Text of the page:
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This paper was accepted at the workshop "Has It Trained Yet?" at NeurIPS.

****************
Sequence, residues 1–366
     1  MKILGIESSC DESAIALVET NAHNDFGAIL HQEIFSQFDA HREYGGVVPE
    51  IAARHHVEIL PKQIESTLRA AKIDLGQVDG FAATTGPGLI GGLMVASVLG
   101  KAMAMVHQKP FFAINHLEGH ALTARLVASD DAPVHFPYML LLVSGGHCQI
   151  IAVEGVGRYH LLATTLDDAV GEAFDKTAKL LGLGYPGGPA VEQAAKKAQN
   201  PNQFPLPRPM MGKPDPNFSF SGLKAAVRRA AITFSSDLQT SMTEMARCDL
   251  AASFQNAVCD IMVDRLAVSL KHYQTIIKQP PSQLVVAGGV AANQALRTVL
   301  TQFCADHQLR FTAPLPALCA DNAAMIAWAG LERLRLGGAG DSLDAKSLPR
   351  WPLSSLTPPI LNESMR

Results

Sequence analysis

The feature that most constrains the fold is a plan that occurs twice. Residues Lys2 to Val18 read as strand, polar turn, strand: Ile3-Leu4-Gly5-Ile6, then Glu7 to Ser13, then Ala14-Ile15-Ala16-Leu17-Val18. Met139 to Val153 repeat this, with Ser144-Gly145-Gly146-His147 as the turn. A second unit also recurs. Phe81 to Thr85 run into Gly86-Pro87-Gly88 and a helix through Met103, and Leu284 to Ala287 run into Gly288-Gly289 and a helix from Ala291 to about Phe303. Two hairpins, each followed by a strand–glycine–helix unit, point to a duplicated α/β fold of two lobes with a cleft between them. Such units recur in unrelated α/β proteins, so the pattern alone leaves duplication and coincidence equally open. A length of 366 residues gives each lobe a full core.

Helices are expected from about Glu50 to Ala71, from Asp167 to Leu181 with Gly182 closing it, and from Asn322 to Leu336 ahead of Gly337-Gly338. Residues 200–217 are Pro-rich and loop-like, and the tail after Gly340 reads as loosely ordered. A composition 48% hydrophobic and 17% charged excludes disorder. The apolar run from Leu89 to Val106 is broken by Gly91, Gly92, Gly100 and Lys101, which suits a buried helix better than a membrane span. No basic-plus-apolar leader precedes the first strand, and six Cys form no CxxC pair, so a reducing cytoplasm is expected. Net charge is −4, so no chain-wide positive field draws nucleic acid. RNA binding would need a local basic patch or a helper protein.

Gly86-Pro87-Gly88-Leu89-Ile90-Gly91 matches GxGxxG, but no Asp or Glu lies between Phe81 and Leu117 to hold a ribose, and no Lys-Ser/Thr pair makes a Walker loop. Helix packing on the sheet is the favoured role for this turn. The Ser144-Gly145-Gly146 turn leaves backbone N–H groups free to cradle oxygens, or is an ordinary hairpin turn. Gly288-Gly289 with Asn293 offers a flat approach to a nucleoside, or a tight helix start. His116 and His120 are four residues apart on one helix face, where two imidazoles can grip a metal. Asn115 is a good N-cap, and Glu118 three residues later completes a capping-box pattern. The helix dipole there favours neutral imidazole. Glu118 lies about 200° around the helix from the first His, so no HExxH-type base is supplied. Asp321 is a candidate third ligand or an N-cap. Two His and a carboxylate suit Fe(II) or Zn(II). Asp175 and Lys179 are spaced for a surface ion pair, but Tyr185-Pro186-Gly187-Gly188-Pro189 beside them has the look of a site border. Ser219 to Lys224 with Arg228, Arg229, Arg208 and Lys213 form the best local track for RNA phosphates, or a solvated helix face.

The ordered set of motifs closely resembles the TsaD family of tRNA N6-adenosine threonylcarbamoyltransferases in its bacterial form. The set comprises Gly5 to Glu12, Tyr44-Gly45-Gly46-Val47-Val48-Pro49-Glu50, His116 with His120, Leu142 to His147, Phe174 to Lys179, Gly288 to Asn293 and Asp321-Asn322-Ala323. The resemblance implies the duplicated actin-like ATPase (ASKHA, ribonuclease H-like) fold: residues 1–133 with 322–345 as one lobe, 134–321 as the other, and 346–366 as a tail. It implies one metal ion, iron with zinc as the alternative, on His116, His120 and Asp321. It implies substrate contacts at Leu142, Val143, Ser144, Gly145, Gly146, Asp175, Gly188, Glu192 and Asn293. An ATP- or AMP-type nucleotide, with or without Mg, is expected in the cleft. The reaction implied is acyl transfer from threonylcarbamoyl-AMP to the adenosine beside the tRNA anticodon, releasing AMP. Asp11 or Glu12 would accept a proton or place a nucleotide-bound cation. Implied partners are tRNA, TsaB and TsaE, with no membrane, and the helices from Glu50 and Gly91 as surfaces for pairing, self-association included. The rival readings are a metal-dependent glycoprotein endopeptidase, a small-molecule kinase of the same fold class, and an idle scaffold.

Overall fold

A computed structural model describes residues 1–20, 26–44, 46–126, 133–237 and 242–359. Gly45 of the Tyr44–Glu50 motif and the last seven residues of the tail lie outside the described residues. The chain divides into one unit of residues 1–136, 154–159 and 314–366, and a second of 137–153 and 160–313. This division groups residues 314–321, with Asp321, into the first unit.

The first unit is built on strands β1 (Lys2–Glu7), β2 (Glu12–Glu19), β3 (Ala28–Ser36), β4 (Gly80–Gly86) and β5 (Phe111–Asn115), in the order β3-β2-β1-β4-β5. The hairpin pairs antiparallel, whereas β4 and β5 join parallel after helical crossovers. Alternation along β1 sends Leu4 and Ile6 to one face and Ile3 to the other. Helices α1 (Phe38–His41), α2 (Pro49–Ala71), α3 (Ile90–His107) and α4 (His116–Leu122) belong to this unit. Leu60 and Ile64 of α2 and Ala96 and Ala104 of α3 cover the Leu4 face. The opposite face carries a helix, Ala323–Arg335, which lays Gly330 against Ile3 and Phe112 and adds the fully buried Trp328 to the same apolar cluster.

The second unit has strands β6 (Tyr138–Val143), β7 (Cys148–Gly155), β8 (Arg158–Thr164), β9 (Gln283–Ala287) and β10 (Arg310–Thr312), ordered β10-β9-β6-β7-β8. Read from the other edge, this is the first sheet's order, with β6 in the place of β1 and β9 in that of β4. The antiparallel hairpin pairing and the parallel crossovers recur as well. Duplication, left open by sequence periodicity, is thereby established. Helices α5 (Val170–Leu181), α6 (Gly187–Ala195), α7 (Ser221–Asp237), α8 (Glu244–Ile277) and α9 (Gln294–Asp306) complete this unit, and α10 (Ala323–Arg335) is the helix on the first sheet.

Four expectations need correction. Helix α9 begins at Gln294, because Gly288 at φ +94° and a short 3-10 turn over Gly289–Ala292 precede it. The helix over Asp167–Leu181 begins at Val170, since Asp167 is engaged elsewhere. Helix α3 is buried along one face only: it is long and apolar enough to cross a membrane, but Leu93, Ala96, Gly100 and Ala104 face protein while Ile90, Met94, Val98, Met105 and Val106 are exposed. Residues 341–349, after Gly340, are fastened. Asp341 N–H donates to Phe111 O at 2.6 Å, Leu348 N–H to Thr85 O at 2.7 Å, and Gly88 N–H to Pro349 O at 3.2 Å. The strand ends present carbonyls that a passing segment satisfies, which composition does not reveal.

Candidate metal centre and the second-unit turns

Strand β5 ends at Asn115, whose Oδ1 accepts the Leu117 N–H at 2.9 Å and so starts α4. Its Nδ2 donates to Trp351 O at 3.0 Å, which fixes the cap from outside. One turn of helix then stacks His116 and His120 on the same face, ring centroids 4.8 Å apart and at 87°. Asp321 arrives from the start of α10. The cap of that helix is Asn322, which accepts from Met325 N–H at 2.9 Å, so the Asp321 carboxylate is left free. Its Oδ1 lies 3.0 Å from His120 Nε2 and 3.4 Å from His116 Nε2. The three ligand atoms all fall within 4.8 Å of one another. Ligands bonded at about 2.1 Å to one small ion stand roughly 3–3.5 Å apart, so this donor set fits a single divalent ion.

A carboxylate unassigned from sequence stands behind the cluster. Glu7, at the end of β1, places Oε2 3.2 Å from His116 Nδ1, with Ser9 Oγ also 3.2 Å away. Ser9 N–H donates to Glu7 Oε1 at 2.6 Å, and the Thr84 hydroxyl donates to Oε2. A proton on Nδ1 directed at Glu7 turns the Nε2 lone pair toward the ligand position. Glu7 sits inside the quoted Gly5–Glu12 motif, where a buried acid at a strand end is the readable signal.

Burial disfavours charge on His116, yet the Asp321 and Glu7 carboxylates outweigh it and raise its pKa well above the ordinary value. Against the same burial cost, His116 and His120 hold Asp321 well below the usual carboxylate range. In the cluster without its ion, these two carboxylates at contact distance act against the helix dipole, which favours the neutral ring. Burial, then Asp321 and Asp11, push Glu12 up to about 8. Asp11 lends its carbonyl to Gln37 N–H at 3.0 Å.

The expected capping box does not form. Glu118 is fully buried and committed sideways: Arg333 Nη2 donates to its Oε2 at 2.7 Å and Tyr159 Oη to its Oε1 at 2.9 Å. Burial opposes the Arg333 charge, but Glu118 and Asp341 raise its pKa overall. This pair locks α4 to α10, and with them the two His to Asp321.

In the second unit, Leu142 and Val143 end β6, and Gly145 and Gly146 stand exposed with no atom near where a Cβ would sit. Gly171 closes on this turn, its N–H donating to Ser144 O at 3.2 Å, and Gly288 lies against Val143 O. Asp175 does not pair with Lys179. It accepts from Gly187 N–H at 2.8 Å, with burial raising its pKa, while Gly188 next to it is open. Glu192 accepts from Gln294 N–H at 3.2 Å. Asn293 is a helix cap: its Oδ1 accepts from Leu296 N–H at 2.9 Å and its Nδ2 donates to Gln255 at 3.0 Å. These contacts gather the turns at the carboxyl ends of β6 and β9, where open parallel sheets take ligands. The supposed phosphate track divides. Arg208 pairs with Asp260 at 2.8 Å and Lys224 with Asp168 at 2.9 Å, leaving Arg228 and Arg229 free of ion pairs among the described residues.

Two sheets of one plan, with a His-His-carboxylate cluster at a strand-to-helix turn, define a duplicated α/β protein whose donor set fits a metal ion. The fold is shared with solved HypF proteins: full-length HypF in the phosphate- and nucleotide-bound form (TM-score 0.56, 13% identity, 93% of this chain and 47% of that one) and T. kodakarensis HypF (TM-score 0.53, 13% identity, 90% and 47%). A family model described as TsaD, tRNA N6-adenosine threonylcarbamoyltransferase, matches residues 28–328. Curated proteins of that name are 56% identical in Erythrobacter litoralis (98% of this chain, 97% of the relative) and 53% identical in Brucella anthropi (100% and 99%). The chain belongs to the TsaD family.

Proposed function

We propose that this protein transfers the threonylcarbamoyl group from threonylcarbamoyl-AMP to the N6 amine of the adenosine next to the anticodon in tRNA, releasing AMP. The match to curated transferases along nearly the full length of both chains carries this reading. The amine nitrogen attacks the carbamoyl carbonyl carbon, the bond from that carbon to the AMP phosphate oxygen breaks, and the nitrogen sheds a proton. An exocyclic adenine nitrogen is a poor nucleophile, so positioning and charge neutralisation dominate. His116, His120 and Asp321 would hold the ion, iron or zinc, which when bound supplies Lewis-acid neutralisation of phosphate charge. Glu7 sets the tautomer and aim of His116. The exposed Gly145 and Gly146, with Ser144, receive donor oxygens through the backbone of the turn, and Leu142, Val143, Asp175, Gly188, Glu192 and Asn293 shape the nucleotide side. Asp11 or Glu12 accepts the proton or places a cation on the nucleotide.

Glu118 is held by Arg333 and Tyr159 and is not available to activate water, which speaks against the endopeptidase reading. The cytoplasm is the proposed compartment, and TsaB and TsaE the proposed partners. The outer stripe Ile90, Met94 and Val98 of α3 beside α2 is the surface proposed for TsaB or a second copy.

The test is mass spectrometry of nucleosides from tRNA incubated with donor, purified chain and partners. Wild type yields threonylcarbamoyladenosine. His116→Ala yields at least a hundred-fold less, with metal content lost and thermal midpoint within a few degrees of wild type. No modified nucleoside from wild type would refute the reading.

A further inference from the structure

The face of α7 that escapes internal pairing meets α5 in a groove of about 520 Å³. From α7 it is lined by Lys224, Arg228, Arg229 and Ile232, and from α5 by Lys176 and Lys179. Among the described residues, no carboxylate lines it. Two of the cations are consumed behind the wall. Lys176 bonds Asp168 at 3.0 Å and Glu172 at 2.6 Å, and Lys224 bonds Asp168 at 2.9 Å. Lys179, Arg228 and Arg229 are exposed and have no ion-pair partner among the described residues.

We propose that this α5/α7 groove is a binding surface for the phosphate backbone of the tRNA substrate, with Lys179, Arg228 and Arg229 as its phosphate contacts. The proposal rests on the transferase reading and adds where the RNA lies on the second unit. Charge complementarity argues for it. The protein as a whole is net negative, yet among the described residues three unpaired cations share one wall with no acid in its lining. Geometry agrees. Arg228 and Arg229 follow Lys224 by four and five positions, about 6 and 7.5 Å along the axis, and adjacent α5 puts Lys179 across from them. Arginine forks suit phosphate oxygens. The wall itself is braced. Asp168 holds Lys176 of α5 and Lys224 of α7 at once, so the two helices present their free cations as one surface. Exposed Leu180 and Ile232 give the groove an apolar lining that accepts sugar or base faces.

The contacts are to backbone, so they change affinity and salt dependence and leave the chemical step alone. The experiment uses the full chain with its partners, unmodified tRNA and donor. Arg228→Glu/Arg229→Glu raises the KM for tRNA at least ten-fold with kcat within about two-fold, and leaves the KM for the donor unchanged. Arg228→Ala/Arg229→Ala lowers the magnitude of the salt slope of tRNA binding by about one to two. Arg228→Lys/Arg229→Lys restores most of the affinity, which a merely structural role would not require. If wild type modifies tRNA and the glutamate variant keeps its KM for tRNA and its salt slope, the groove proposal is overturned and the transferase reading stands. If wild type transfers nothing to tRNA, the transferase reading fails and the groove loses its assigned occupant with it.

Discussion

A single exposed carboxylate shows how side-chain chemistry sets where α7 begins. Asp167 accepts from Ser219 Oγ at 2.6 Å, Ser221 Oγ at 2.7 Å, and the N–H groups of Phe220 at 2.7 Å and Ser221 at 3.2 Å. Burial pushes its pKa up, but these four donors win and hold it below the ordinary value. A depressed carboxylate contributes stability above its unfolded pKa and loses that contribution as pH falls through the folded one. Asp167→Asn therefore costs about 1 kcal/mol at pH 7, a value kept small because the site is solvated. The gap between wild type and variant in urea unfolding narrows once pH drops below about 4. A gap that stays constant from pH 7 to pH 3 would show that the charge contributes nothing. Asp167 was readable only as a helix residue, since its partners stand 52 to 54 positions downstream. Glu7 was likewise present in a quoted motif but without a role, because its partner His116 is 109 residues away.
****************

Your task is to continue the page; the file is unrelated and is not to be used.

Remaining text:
Recent advances in learning aligned multimodal representations have been primarily driven by training large neural networks on massive, noisy paired-modality datasets. In this work, we ask whether it is possible to achieve similar results with substantially less training time and data. We achieve this by taking advantage of existing pretrained unimodal encoders and careful curation of alignment data relevant to the downstream task of interest. We study a natural approach to aligning existing encoders via small auxiliary functions, and we find that this method is competitive with (or outperforms) state of the art in many settings while being less prone to overfitting, less costly to train, and more robust to distribution shift. With a properly chosen alignment distribution, our method surpasses prior state of the art for ImageNet zero-shot classification on public data while using two orders of magnitude less time and data and training 77% fewer parameters.

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